In Japan, McDonald’s gave away 10,000 MP3 players, fully loaded with 10 free songs. Problem is, many of them were also loaded with a QQPass Trojan virus that captured user info and sent it to hackers as soon as it was plugged into a computer

In 1992, Pepsi offered 1 million pesos to anyone finding a bottlecap with 349 printed on it. The problem…half a million bottlecaps got printed with 349, which would have cost 18 billion dollars. Pepsi ended up paying winners $19.00, which still cost them ten million dollars. Some bottling plants were attacked, and many Pepsi execs had to leave the country

Competitors with nimble fingers have battled it out in a bra-removing contest at Chinese shopping mall. Participants each had to see how quickly they could unclasp eight bras, which were worn by models on a stage in Gungzhou city.  The models - who all had their hair tied up to allow easy access to their bra fastenings - stood in a line as countless men tried their luck.  The prize for the fastest time was 1,000 yuan. But the men were all put to shame by a woman who undid the eight bra clasps in just 21 seconds

Swiss clockmaker Artya announced in March the creation of a wristwatch set in fossilized dinosaur feces (with a strap made with skin from an American cane toad). Designer Yvan Arpa told the Associated Press the watch would sell for about $12,000 

A North Carolina research organization in March, picking the state's 10 worst destinations for federal stimulus grants, included two ongoing projects at Wake Forest University: long- term cocaine-addiction in monkeys and the potential benefits of yoga on menopausal hot flashes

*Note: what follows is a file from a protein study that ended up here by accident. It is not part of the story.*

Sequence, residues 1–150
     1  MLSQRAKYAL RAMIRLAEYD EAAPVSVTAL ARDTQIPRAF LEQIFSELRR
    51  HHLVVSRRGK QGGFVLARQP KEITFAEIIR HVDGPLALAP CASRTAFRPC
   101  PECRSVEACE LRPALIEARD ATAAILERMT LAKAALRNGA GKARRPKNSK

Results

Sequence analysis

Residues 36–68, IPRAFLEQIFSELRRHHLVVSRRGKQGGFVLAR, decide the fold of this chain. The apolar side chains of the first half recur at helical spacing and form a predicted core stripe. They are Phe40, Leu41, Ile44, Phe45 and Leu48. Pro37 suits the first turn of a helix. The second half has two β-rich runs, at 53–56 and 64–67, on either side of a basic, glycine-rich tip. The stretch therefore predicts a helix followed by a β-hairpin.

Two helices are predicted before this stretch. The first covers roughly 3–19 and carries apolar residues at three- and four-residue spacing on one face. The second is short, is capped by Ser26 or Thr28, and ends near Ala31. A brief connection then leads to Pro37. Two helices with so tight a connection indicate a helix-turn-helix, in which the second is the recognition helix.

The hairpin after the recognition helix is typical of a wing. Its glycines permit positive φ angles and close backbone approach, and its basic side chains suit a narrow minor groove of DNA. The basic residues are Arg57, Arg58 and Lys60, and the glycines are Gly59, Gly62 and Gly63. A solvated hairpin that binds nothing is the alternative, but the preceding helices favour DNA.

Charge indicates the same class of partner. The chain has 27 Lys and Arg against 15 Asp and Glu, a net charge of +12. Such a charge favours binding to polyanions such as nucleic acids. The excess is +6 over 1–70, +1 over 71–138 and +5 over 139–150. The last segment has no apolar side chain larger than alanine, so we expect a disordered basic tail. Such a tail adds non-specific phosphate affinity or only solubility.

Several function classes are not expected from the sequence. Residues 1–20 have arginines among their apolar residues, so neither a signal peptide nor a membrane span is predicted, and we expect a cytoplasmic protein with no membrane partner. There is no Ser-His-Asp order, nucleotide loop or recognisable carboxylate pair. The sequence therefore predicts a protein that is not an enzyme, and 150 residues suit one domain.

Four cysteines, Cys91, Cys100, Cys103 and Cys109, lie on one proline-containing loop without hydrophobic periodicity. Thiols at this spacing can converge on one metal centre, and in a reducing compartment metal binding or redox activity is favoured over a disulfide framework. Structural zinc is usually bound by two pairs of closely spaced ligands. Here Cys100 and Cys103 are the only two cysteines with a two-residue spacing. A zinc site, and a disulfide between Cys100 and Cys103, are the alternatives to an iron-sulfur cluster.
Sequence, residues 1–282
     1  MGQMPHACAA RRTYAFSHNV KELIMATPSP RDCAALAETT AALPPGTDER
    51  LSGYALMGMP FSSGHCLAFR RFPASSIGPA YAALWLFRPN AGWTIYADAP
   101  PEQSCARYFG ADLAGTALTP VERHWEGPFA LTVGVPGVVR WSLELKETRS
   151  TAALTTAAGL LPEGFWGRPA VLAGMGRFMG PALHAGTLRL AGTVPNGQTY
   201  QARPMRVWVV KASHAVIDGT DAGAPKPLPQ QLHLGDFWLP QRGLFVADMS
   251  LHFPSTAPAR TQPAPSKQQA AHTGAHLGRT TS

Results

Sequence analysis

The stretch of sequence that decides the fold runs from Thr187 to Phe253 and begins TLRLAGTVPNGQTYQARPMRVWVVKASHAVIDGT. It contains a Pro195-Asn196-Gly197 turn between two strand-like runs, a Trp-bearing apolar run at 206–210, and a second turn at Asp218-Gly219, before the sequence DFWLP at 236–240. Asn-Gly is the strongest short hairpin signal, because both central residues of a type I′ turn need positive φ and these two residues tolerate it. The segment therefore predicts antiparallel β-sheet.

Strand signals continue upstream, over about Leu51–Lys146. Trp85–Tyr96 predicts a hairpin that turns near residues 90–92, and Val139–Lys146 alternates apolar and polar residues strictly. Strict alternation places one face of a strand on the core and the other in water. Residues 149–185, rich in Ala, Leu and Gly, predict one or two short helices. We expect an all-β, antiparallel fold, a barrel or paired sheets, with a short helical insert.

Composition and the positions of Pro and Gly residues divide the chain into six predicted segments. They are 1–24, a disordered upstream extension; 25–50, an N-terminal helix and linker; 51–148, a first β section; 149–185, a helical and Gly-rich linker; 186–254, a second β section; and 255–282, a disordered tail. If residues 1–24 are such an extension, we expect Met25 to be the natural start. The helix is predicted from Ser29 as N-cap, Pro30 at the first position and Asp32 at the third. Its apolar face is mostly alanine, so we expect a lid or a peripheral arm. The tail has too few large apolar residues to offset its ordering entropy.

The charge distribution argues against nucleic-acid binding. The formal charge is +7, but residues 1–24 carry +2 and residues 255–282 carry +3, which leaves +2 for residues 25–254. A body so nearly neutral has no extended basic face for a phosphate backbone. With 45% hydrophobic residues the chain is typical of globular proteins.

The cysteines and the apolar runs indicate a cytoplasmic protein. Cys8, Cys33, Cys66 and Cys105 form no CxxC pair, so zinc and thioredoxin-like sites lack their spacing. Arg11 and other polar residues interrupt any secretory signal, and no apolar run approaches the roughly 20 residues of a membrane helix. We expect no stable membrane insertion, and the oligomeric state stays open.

Child-Bearing, Explained: Virginia state legislator Bob Marshall, speaking in February in opposition to state funding for Planned Parenthood, said the organization is partly responsible for the number of disabled children in America. According to the Old Testament, he said, being forced to bear a disabled child is punishment for the mother's having earlier aborted her first-born

When stroke victims recover, they have sometimes acquired bizarre obsessions, like one by David Stopher of North Tynesdale, England, who found himself unable to say no to salespeople. According to a March Daily Mail report, the biggest beneficiary of Stopher's condition has been the wireless telephone network (known as 3), whose marketers had signed Stopher up for six different phones and plans, at the same time (and paid all on time until his brothers stepped in to persuade 3 to restructure the account) 

Intelligent Evolution: Researchers from Royal Roads University in Canada reported last year that the large, carnivorous pitcher plants of Borneo prefer to eat insects and spiders, but where those are in short supply, as in Philippines highlands, the pitchers have grown to a size accommodating an alternative source of the nitrogen
they need. The pitchers have "learned" that if they produce copious amounts of nectar, it will attract the tiny-mouse-sized tree shrew to harvest it, and the shrews, trapped inside the plant, will leave droppings directly on the spot most advantageous for the pitcher to consume them. Said Professor Charles Clarke, discovery of the arrangement "totally blew us away"